How Philosophers Think

How Philosophers Think

Should some topics be out of bounds for rational discussion? 

Yesterday I posted something about poor Richard Dawkins and how he has been attacked on social-media lately about some thought experiments he tweeted which got some people going. Well if you want some insight into philosophical thought, and of course it’s profound and practical value in spite of what Neil deGrasse Tyson might say, check out Dawkin’s response to the outrage over some of those thought experiments. I think he handled it well, and made perfectly sound and rational arguments about the problem with mixing emotions and logic. And as you read this, and you read the topics he choose for those thought experiments, consider your own reactions and thoughts.

“There are those whose love of reason allows them to enter such disagreeable hypothetical worlds and see where the discussion might lead. And there are those whose emotions prevent them from going anywhere near the conversation. Some of these will vilify and hurl vicious insults at anybody who is prepared to discuss such matters. Some will pursue active witch-hunts against moral philosophers for daring to consider obnoxious hypothetical thought experiments.”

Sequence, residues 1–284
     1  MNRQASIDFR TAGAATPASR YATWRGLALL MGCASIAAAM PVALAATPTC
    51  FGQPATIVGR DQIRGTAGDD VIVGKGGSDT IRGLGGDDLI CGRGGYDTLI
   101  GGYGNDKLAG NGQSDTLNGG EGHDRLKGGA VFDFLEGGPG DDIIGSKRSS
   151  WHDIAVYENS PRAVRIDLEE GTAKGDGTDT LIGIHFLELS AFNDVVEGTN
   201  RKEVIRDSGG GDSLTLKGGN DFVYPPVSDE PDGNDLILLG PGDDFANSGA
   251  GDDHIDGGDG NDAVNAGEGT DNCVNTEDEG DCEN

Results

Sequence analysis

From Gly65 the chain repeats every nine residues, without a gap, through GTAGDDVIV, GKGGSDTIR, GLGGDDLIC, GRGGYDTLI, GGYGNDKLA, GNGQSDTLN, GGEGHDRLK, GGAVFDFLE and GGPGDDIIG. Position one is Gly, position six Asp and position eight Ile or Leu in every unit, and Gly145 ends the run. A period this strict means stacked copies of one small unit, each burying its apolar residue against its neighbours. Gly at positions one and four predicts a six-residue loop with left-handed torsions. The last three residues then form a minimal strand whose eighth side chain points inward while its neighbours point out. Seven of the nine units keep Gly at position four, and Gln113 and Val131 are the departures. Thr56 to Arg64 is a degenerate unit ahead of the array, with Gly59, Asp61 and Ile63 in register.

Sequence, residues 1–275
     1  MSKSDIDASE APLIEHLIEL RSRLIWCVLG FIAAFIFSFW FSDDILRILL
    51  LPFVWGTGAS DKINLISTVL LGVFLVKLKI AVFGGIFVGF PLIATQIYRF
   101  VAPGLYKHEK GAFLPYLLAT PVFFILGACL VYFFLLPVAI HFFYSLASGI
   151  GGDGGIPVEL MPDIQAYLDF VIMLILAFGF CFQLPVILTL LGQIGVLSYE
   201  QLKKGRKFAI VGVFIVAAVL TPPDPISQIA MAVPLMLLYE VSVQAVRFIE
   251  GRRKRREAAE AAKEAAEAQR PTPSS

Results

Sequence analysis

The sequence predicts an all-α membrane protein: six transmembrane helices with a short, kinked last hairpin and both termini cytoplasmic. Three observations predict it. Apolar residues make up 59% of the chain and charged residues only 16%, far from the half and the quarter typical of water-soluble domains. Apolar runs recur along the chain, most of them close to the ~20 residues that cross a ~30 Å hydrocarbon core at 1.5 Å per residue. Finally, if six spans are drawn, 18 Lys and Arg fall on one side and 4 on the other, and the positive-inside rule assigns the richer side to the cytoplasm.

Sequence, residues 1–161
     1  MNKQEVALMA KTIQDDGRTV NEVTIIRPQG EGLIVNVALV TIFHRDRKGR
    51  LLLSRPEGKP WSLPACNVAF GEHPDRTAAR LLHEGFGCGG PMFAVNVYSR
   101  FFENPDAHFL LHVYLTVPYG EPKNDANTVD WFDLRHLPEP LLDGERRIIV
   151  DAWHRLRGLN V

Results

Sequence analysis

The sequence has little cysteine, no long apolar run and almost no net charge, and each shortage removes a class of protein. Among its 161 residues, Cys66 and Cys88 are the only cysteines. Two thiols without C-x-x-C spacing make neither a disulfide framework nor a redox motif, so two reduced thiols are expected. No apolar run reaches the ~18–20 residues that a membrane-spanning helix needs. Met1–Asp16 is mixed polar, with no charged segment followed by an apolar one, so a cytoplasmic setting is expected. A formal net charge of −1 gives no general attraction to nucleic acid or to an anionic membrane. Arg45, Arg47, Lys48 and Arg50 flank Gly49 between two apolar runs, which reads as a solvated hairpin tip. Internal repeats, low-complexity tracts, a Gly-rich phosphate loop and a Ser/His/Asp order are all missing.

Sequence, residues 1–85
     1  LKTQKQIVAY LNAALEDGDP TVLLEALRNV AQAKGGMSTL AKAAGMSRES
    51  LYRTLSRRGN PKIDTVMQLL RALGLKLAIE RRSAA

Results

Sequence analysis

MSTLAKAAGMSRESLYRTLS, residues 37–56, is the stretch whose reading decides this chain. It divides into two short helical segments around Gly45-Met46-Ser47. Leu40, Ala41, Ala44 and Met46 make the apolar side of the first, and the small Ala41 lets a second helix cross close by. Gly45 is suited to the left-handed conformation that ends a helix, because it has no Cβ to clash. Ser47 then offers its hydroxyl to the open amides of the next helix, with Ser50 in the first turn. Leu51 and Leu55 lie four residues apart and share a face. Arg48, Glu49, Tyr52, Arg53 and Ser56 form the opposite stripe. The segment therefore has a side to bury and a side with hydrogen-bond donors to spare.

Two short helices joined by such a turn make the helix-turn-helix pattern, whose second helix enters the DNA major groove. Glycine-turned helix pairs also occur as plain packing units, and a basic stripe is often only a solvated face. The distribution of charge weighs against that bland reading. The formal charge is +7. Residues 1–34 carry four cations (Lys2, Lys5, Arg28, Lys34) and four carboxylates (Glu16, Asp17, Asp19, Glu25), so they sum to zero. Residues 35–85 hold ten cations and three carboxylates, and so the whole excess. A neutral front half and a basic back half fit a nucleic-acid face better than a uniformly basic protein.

Dawkins also shows a bit of why there are aspects of his thinking, his commitment to rational thought, that I do admire. Now if only he could point that sharp, rational & philosophical acumen on his own blind dismissal and judgement of metaphysical or spiritual aspects of humanity!

#philosophy   #moralphilosophy   #richarddawkins  

http://www.huffingtonpost.co.uk/richard-dawkins/richard-dawkins-rape-tweets_b_5633885.html

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